New Dorm, Who’s This?

A hectic day indeed.

Not having keys to my dorm, I decided to stick around until check-in began so that I could move my luggage to my real room (which does have running water, electricity, and wifi). My new room, on the eighth floor rather than the first, takes a bit longer to reach, but also provides a breathtaking view of misty hills in the distance, the bustling street below, and apparently a military zone that we were told to not take pictures of.

The dorm entrance: it really screams international with the flags all lined up.
But that’s about as fancy as it gets.

The school tends to assign international students to dorms based on their country of origin, so I am now in a suite of potentially four people (although I am the only US national to check in today). There are probably more, but we’ll see how the situation goes. If the dorm fills up, I’ll have a roommate (although I’d prefer having the suite to myself). I like this room a lot more because the beds are a lot stiffer. Rather than having a mattress, they’re composed of a wooden board with a foam pad on top.

Overall, check-in was a terribly arduous process that involved dozens of sweaty college students waiting in stuffy rooms for about five hours. From visa checks to fee payments to a Chinese placement test, the entire process included lots of waiting in line. The vast majority of us didn’t have breakfast, making things even worse. However, at around noon—three hours into the process—one of the staff members said that half of us should get lunch since the wait would be pointless. I happily obliged.

With a short lunch break, I walked up to a steamed bun vendor—except he had sold out. The shop next to him was a fried chicken/burger joint: not good for vegetarian food. Thirsty and hot, I saw a boba shop and buzzed over.

With a refreshing elixir in my hand, I kept searching for food. None of the international students could eat at the dining halls yet since we didn’t have a meal card or Alipay/WeChat pay. With just cash, our options were limited.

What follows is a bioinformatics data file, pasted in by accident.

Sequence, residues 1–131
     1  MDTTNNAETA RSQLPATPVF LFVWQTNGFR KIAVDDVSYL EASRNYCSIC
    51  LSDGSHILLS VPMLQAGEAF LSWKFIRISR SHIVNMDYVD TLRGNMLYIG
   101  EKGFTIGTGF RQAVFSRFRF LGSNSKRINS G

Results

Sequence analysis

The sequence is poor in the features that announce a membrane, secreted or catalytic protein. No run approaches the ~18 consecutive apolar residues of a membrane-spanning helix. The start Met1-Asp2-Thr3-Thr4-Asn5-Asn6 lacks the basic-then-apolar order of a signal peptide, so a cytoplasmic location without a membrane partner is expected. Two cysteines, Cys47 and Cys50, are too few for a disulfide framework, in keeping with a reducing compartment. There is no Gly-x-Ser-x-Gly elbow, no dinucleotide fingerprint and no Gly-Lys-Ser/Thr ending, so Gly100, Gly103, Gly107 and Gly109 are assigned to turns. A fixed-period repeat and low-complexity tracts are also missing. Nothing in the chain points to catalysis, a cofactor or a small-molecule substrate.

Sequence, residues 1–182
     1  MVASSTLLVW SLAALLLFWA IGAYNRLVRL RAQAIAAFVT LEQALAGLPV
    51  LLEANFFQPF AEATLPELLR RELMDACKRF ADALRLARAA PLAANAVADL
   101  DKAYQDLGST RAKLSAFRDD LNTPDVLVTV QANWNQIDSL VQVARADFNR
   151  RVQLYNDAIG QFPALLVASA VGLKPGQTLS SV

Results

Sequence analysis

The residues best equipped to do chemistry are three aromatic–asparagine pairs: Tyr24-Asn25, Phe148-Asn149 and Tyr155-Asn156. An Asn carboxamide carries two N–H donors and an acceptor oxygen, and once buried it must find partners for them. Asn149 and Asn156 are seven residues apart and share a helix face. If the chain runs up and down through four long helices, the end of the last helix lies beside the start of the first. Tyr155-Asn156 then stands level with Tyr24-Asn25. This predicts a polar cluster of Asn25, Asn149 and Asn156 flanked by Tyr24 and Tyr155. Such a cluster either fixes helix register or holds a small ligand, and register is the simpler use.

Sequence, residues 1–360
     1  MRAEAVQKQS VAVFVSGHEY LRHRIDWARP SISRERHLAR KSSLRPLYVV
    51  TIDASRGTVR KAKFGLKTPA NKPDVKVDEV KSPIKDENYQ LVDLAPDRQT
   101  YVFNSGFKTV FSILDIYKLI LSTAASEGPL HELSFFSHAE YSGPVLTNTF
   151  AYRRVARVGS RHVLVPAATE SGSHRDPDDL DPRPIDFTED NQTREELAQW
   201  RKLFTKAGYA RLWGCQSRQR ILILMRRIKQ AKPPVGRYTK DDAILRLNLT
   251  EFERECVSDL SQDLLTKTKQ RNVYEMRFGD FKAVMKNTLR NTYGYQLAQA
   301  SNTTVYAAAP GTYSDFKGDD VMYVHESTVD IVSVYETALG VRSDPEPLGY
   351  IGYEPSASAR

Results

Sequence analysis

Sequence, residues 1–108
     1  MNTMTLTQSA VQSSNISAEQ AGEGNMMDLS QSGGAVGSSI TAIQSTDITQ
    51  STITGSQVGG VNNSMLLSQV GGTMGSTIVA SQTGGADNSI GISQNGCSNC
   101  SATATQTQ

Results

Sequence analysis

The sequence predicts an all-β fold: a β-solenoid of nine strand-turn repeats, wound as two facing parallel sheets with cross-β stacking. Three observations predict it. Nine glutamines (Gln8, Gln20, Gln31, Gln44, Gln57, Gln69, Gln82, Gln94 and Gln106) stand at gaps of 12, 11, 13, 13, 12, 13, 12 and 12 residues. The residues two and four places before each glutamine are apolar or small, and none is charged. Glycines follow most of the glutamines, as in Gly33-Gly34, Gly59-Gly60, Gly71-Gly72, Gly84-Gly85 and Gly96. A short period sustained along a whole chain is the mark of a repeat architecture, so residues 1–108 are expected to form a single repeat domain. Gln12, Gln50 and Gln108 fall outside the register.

I eventually settled on some sweet bread from the grocery store and came back to the dorm to complete my check-in. After finishing the five hour ordeal, I went out to shop for necessities.

First, I needed toilet paper. Second, I needed drinking water, since the tap water is unsafe.

Having gone to a small liberal arts college, I hadn’t realized how expansive some college campuses are. FJNU, with a student population of 23,000, boasts 7 dining halls (although I suppose the 5Cs also boasts 7 dining halls) and an entire street of shops selling everything from fresh fruit, electronics, to daily necessities.

I ended up getting the toilet paper and drinking water, but also got slippers for the shower, soy milk, and a water boiler because how else am I going to make tea and instant noodles? Also, I can use it to sterilize the water after filtering it.

After getting settled in, the hunger of not having a decent meal in 24 hours bit me. My last “meal” if you could call it one was the pasta I had on the plane a day ago. Famished, I started walking towards the row of shops just outside of campus.

I had found a place online that looked promising, but I didn’t have to walk all the way there. Just outside of the school gate, I came across a fast-food chain that I suppose is best explained as a Mongolian grill procedure, but with soup.

I grabbed 1.3 kilograms of veggies and mushrooms, then requested a tomato-based broth. Having subsisted on heavy doses of sugar every few hours for the past day, this nutrition-laden meal was spectacular, and it only cost me around $4!

Yum—broccoli, lotus roots, taro, bok choy, fried tofu, and all sorts of mushrooms!

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